Mark: I think I was pretty much out to all of those! Heady days there were international acts every week! And you’d get great double bills too – White Lion and Tyketto and The Black Crowes supporting The Dogs D’Amour would have been that year. Not a bit like 2020 of course!

Rob: (laughs)

Mark: So let’s talk Ryan Hamilton & the Harlequin Ghosts – an album I’ve been listening to for months – it’s a great album, great songs, great melodies.

Rob: Yes it’s done quite well.

Mark: And one that everyone should go out and buy! And something we should all be checking out as well is that Podcast. Let’s get back to that Bucket-list!

Rob: Let me just pull that up! I’m just looking now, there’s not actually too many musicians on there. I’ve got Kevin Smith on there, Marc Maron who influenced me with his Podcasts. I’d like to interview Corey Feldman, a bit of a wild card, I don’t know how that one would go down. Mark McGrath from Sugar Ray is on that list too.

Mark: The Newport Beach band, nice. I hope you get them mate. As things stand at the moment of course you’re looking at a locked-down Christmas  as are many people across the globe but here in WA we have 8months with no community transmission. People are living their normal lives for the most part which means I reckon we’d be stuffed if we had an outbreak. I don’t even have a mask, heck I’m not even sure where I could buy one?!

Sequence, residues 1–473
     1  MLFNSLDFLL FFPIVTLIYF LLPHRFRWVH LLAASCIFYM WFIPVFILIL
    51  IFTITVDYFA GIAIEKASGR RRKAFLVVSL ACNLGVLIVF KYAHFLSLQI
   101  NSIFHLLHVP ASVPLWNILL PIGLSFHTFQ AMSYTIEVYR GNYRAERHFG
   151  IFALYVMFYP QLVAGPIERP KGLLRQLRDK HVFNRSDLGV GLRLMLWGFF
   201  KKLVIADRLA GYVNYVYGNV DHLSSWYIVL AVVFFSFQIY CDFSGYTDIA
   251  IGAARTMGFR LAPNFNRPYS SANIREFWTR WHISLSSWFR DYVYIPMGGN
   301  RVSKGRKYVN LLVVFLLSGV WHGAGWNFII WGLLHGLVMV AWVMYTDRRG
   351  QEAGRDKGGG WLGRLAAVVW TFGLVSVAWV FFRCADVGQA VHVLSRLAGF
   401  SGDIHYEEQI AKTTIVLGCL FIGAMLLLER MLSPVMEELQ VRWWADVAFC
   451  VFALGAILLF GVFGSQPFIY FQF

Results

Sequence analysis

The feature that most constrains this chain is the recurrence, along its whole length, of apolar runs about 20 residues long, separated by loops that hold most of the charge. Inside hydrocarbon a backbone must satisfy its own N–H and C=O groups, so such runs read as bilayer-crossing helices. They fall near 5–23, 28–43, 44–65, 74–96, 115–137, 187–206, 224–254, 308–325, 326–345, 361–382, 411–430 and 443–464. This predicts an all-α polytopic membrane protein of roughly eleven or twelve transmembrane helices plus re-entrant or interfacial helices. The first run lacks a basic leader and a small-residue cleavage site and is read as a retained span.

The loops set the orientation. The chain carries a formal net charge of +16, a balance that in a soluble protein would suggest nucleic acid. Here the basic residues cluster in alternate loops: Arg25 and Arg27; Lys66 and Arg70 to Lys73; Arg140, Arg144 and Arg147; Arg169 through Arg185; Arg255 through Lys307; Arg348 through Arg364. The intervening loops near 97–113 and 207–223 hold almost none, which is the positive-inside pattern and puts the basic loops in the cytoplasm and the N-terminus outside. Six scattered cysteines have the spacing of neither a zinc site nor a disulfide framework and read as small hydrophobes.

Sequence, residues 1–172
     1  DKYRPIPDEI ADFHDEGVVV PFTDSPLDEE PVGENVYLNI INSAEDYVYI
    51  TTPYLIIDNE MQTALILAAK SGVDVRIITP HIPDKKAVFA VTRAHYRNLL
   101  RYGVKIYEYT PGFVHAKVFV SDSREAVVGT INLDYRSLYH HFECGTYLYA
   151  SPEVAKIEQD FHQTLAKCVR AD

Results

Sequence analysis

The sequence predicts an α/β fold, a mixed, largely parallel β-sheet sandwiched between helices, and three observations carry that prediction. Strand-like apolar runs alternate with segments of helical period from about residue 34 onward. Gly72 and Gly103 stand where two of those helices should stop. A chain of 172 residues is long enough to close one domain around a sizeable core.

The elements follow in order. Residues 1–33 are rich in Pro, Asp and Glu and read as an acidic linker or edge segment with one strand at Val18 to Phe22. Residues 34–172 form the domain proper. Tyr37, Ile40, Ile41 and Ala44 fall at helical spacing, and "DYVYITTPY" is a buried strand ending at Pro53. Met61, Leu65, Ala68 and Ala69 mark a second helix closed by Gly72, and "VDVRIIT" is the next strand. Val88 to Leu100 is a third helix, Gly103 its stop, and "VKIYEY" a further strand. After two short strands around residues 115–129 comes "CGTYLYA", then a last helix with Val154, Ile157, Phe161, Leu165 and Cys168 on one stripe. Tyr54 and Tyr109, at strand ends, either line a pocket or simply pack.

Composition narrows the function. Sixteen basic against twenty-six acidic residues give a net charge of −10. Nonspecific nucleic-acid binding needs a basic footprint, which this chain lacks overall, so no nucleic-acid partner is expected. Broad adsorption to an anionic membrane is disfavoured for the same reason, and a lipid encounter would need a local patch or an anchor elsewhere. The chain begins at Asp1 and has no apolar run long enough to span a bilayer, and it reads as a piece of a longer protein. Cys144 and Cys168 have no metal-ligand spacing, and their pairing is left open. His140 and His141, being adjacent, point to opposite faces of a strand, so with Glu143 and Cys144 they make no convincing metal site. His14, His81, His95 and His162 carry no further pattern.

Rob: You’d be all right mate, you’d still have plenty of bandannas from 1990 in a drawer somewhere?

Mark: Oh I have actually. They would be in my bandana drawer!

Rob: (laughs) you’re all set! You could be selling those things! If no one else has got them you could be outside the front of your house with them lined upon a table! (laughs)

Mark: I can do it!

Rob: You’ve been training for this for the last 30 years mate! Forget the guys with a bunker full of food, you’ve got a drawer full of bandanas!

Mark: (laughs) You say that as if having a ‘bandana drawer’ was an odd thing!

Rob: (laughs)

Mark: And on that note I’ll wish you a Merry Christmas and a prosperous New Year, Good luck with the Podcast and we’ll catch up again soon! Lovely to catch up!

Rob: Thanks mate, lovely to see you , take care.

 

We did of course talk for much longer than that, but we’ll post Part two in the New Year! 

 

photo by Neil McCarty


You can check out Rob’s Podcast at the following links:

https://straighttovideo.buzzsprout.com/
Twitter @straight2vid | Facebook straighttovid | Instagram @straight2vid